Benchmarking has a history of helping businesses compete in global markets. But these days, many companies are missing out on the opportunity to innovate due to an over-reliance on benchmarked metrics.
The practice of benchmarking was born in the 1950’s with companies like GE and Toyota. Then, what was in vogue was a process called reverse engineering in which companies examined competitor products to find out how to make their own products better.
In the 1970’s, a struggling Xerox took a cue from reverse engineering, but shifted the focus from product features to all the processes (including customer service) that drive success.[i] Since then, benchmarking has spread like wildfire—but so have its critics who call benchmarking a “virus,” and “a recipe for myopia, me-tooism and mediocrity.”[ii]
So What Is the Problem?
The problem is that while benchmarking is important—because it helps you keep an eye on the competition—it’s not enough. Benchmarked metrics merely skim the surface, and if you spend too much time watching your peers, you’re probably not allocating the resources you need to fully differentiate or innovate.
Customer service contact centers suffer the most from benchmarking’s shortcomings, using metrics like time-to-answer and first call resolution (FCR) as the golden mean for operational targets. And they often fall back on generic tools like SurveyMonkey to collect outcome metrics such as customer satisfaction (C-SAT) and Net Promoter Scores (NPS).
What to Do Instead
Here’s what you can do instead:
Recognize that the customer experience is complex—more complex than an FCR rate or NPS score. Experiences consist of multiple factors, such as information, connection and timing. These break down into smaller elements like thoroughness of answers, proactivity of explanations and word choice.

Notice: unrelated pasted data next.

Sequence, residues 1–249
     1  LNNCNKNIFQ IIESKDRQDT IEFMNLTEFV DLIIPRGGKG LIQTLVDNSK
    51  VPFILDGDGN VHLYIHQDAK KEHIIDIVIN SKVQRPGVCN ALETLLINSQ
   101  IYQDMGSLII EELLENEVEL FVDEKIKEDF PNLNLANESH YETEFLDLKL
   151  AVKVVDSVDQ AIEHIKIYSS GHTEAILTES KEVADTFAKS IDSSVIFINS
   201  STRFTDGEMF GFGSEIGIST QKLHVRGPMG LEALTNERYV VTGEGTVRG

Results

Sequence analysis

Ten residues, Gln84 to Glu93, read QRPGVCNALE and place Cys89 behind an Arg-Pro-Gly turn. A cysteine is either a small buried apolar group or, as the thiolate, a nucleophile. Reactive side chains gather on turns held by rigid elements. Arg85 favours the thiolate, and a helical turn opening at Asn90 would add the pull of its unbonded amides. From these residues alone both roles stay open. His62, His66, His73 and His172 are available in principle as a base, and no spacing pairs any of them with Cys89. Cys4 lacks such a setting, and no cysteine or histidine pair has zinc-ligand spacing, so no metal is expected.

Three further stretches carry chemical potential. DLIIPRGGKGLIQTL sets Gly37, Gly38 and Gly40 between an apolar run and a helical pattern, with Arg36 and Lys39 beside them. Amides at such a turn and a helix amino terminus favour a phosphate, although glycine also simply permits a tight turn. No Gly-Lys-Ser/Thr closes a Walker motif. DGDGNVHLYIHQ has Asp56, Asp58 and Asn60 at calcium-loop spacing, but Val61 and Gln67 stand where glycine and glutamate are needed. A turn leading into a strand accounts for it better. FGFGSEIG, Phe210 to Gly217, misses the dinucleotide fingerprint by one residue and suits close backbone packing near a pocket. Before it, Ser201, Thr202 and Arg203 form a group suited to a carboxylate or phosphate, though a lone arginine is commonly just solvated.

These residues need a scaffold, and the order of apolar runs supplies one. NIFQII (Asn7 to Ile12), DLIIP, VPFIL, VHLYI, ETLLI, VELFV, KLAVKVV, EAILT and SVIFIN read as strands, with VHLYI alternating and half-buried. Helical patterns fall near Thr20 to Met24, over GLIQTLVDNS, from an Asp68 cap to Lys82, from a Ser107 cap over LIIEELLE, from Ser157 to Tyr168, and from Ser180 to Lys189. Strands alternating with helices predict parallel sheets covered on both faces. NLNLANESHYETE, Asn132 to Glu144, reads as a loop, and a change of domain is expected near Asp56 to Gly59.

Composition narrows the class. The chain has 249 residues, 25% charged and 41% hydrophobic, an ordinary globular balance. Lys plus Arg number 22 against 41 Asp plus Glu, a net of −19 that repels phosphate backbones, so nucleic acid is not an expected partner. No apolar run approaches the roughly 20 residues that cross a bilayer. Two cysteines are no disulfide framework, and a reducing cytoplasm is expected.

While benchmarked metrics can capture parts of this experience, and perhaps alert you when something is going very wrong, they won’t give you the nuanced information you need to demonstrate market leadership.
If you want customer service that differentiates your brand and builds customer loyalty, you must take a deep look at your company and customer interactions. You also must use metrics that compare your performance against your own brand promise.
Every company has its own signature and opportunities to innovate. To make your company stand apart, you’ll need to demonstrate your signature—and this requires granular metrics.
The companies that are succeeding in today’s global marketplace are the innovators, so make sure you are challenging yourself beyond benchmarking. Make sure you are rallying your team to measure the granular details that really matter.
i. Canada. Performance Management, Alberta Finance. Other Performance Measurement Documents: Results Oriented Government. Alberta: 28 September 1998.
ii. Brierley, Sean. “Benchmarking Causes a Loss of Focus.” Finance Week. 01 June 2005.